That’s a bit of a challenge, and we’ve actually talked about it among other infectious disease physicians. Here, you have a therapy, you have really good data that you can make a difference, that you can reduce mortality, we’re limited. The EUA is restricting us. I know people at the FDA listen, so we would like a little bit of liberalness to use this effective therapy.

The early inflammatory phase. This is right often when people get hospitalized. I think I’ve talked about what I call “the soft admission,” someone comes in with an oxygen saturation of maybe 92%. Here in the New York area, a lot of our ProHealth Urgent Cares, we will start them on oral steroids. A lot of these individuals stay above 90 and can avoid that, what I call “the five-day remdesivir stay.”

Remember, remdesivir’s only benefit was reducing hospitalizations. If you hospitalized someone to give them remdesivir, you’ve failed to do what remdesivir has been shown to do. If we can save that $3,000 drug use, we can save those hospital beds for people who really need them. Not just COVID patients, a lot of individuals that need access to the hospital. Let’s try to make some smart decisions there.

Another thing that is challenging in this area is we are now experiencing tocilizumab shortages in many parts of our country. Mixed feelings here. It’s tremendous that it’s now recognized that patients that have been started on steroids, progress to higher oxygen needs. You can again– seems like a magic number, 25% mortality reduction by adding tocilizumab to the right patient at the right time. Obviously, this medicine is being used, but we need to really make sure we’re giving it to the right people because we are now, with the rising number of cases, with the rising number of hospitalizations, rising number of people who are meeting this criteria, we’re running out of drug.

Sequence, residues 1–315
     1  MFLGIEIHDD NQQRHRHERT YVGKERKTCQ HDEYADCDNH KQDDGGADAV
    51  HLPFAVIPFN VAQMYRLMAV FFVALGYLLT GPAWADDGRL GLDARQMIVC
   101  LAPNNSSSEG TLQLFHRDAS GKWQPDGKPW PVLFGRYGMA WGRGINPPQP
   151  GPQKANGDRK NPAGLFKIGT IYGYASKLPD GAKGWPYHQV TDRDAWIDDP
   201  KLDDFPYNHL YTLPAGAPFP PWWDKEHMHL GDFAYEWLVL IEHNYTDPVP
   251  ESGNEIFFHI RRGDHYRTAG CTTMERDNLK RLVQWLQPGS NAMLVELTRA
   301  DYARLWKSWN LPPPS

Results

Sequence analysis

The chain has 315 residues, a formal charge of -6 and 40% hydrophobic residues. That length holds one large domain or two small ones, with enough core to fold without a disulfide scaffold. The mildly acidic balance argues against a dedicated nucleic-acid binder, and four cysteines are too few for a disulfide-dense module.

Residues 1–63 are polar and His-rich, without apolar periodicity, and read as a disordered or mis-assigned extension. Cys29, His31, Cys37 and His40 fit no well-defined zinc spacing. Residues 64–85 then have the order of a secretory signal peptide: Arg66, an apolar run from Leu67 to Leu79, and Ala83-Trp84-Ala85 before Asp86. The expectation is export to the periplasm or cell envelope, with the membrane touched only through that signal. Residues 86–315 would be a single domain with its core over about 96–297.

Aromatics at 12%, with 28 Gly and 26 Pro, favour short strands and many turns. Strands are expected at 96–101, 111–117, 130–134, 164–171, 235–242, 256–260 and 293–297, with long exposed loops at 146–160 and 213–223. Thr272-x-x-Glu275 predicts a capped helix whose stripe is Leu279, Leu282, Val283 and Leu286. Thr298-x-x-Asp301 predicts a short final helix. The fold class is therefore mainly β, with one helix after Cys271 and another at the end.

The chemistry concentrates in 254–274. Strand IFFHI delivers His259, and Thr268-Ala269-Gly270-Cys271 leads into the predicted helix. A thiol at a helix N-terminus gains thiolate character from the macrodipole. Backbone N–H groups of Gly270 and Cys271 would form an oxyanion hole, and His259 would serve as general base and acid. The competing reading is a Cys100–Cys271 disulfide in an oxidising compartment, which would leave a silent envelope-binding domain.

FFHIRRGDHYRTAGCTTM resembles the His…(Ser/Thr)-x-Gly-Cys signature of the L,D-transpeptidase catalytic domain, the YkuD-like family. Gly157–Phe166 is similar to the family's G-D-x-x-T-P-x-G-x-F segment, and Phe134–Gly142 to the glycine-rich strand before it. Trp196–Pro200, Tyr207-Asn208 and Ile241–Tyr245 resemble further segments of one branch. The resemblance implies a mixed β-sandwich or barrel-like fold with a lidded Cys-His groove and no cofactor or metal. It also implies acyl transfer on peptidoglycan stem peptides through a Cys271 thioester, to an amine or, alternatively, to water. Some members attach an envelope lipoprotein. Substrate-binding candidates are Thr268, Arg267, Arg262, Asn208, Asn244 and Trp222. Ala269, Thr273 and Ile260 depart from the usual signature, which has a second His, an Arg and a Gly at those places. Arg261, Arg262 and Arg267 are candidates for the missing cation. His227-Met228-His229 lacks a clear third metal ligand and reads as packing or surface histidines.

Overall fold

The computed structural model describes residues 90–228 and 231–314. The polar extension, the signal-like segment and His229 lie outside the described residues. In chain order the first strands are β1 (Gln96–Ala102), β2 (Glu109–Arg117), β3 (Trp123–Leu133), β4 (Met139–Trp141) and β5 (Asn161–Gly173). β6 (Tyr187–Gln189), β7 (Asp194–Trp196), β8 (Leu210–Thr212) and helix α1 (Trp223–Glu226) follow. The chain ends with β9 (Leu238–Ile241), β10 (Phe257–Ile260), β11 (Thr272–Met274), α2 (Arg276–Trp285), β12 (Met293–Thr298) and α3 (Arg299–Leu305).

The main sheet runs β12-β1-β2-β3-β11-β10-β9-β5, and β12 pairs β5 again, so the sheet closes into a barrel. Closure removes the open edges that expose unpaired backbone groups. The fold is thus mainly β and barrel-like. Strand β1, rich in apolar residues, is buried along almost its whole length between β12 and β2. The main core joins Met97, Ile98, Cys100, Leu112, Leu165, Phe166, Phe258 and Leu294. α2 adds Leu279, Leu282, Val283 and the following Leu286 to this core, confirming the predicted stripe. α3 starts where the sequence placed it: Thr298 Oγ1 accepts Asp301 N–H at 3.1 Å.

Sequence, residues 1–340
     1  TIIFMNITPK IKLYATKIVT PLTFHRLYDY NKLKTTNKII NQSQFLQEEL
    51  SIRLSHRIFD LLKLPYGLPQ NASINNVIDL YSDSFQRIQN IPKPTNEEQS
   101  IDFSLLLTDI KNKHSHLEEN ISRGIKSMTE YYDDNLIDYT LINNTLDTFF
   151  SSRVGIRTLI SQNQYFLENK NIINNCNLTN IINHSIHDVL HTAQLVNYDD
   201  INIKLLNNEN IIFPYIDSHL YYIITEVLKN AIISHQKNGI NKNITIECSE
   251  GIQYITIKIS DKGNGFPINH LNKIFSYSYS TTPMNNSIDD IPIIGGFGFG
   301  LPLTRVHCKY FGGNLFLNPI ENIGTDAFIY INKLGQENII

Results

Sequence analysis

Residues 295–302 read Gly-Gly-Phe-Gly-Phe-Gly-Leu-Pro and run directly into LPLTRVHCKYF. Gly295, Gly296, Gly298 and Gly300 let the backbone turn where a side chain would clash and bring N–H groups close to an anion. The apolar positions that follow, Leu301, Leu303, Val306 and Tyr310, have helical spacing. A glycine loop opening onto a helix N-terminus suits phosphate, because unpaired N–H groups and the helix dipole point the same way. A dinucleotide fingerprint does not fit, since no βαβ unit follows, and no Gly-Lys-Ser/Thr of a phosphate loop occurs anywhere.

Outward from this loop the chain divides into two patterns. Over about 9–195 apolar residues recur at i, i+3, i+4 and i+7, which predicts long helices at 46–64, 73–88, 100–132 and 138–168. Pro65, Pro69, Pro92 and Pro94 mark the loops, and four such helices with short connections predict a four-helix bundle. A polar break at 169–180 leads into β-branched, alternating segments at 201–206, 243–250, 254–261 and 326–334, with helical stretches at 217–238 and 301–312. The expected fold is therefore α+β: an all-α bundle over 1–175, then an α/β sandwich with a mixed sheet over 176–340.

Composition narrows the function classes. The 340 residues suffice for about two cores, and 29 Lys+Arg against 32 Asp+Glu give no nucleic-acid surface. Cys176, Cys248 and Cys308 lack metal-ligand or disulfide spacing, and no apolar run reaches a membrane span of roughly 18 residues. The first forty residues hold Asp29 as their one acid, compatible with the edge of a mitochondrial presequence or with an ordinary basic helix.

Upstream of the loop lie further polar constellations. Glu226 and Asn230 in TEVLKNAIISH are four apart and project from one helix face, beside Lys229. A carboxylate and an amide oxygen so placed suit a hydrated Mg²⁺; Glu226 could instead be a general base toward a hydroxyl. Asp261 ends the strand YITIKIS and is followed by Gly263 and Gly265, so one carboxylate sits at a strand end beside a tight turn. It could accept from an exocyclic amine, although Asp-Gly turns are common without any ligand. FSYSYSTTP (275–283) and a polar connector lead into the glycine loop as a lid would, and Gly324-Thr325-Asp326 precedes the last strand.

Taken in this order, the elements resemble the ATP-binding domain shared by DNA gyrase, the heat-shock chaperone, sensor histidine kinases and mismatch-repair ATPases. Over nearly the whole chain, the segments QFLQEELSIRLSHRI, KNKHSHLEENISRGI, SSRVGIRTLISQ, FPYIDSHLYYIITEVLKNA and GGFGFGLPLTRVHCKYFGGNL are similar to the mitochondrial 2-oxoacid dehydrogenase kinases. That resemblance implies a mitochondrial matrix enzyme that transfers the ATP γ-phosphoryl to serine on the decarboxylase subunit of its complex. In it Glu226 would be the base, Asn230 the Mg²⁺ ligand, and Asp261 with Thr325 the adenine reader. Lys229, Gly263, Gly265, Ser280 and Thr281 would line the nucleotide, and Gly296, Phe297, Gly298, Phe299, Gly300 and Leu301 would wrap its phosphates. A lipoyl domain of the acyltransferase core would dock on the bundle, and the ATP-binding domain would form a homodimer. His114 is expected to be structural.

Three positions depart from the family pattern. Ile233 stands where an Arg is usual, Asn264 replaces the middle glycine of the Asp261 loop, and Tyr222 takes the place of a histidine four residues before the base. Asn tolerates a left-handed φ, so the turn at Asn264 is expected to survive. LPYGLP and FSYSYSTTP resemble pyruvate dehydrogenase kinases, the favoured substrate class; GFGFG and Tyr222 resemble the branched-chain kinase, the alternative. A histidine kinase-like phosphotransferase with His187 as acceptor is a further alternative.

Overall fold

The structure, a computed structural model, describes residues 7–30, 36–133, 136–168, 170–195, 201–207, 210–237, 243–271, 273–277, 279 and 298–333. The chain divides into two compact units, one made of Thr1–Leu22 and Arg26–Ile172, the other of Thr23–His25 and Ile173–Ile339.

I am going to jump to, “What is going on around the world?” No one is safe until everyone is safe. I’m going to close on this section. My friend Titus Divali, he’s a physician in Blantyre. Actually, I met him at an American Society of Tropical Medicine and Hygiene meeting. Actually, one that I drove down with Dickson in his Prius and heard all about the hydrogenosome or something along those lines. I think I blocked it out, so that Dickson could tell me the story again because he loves that story. Dr. Divali brought to my attention the article, “Dynamics of SARS-CoV-2 exposure in Malawian blood donors: a retrospective seroprevalence analysis between January 2020 and February 2021.”